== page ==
In order to survive this two year experience, I knew I'd have to become my own best friend, motivator, inspiration, nurturer, and support system 24/7. And I’d have to maintain some seriously grounding rituals; from filling my journal with words as they poured from my heart uncensored, to working out six days per week. I knew I'd have to stay rooted in my body and my emotions in order to maintain a positive mindset in this challenging new lifestyle. So even my nightly routine of freshly popped popcorn felt cherished and important, as did my weekly trips to Provodenciales, the main island (re: civilization). I'd spend my day off there, sitting in my favorite coffee shop with a coconut scone, black coffee, and my laptop. And, sadly, social media became my social life, my greatest sense of connection, my community, and my window to the world.
My daily walks with Brooklyn were a source of levity. She would find newness and excitement in the same stretch of the island we walked everyday. In the midst of sniffing every inch of grass and dirt, she'd spontaneously insist upon a game of chase and we'd find ourselves runnin', jukin', and jivin' around Shambhala Lake located within the Staff Village before stopping to visit the docile Nurse Sharks who would wait for human visitors with their snouts peering out of the water in anticipation of being fed fish from our five-star restaurant. They were spoiled sharks and, thus, friendly sharks. Brooklyn seemed enamored with them. I was intrigued by their mild nature but mildly freaked out like an overprotective mother who's afraid to let their child test the boundaries of their independence. It's just that Brooklyn is far too friendly for her own good sometimes, trying to make friends with everything in the animal kingdom that's significantly larger and more powerful than her. In New York, she'd try to introduce herself to the understandably bitter Clydesdale horses pulling carriages who had no time or interest in playing chase with her pint-sized little butt. And in Turks & Caicos, her fascination was with sharks. Why she took no interest in the skittish little lizards, I have no idea. But Brooklyn’s natural curiosity, her desire for exploration, and her ability to find fun anywhere was constant reminder for me to approach life on this resort island similarly.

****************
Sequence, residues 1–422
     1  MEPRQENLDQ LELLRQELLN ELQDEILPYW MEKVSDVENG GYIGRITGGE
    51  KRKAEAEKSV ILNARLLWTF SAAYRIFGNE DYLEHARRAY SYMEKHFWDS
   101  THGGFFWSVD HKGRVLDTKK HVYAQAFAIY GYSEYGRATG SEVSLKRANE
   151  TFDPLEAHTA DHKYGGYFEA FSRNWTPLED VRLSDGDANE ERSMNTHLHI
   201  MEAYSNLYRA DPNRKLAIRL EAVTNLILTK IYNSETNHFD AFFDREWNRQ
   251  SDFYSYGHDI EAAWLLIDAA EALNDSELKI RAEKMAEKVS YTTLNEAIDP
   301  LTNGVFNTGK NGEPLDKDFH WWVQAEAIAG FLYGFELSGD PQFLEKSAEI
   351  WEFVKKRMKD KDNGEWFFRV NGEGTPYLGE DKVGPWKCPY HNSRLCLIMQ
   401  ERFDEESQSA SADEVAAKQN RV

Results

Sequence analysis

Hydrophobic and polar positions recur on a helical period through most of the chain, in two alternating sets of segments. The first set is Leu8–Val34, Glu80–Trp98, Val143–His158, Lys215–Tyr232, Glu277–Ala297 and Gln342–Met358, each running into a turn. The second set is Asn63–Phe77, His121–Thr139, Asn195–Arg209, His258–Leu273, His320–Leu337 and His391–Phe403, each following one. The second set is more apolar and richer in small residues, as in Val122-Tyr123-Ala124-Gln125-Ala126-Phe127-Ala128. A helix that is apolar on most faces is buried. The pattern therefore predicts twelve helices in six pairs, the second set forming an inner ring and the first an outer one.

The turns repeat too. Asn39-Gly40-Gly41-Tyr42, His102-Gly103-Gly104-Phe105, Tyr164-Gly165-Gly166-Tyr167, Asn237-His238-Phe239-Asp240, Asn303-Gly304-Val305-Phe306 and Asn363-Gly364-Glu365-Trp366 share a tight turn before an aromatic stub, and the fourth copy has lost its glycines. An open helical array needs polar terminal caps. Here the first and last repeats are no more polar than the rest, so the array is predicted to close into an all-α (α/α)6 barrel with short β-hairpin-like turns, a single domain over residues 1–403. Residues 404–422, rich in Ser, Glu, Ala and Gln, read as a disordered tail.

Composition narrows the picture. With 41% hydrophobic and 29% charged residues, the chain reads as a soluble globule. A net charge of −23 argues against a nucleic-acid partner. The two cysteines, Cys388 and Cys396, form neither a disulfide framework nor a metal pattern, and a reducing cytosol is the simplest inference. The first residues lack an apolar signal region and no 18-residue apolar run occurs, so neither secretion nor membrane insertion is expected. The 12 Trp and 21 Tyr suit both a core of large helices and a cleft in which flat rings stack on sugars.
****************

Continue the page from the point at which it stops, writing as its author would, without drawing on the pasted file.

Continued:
I made the same three minute commute to the Spa multiple times each day which is the equivalent of three NYC blocks minus the billboards, storefronts, and constantly changing window displays. Minus the tempting aromas circling food trucks, the entertaining street performers, and unpredictable encounters with strangers. Minus all the usual stuff that would keep my mind darting and senses hightened. By comparison, my three minute commute to the Spa was monotonous. Mundane, in fact. Unless, that is, I approached it in the same way as Brooklyn; noticing something new every day. So I made it a point to start exploring nature more conscientiously, like a walking meditation. That became my newest ritual. I'd notice the ever-changing voluminous white clouds making cool shapes or ominous grey ones in the distance warning of impending rain. And how the island colors would change hue after a tropical shower, often ushering in a rainbow that appeared to reach from one end of the island to the other. Or the way the island becomes repopulated with blood-thirsty mosquitoes after a storm, pinching my skin and leaving itchy reminders of their annoying existence. I would notice the sound of my footsteps in the stillness of the air, or how the wind would strip trees of their leaves or topple branches onto the white pebble road that leads to the Spa. I'd watch long-legged birds stealthily creep up on their prey and take them by surprise, or sit atop tree branches and sing their off-key mating calls. And the way swarms of dragonflies would flit nervously around bougainvillea bushes as if they had someplace important to be but couldn't quite remember where. With conversation at a minimum for me here, I let nature tell me stories and entertain me.
But as much as I was learning to appreciate stillness as a way of immersing myself in my senses, I still missed the sensory overload of New York. The city's frenetic energy can feel overwhelmingly exhausting, but so is being your own best friend, motivator, inspiration, nurturer, and support system 24/7.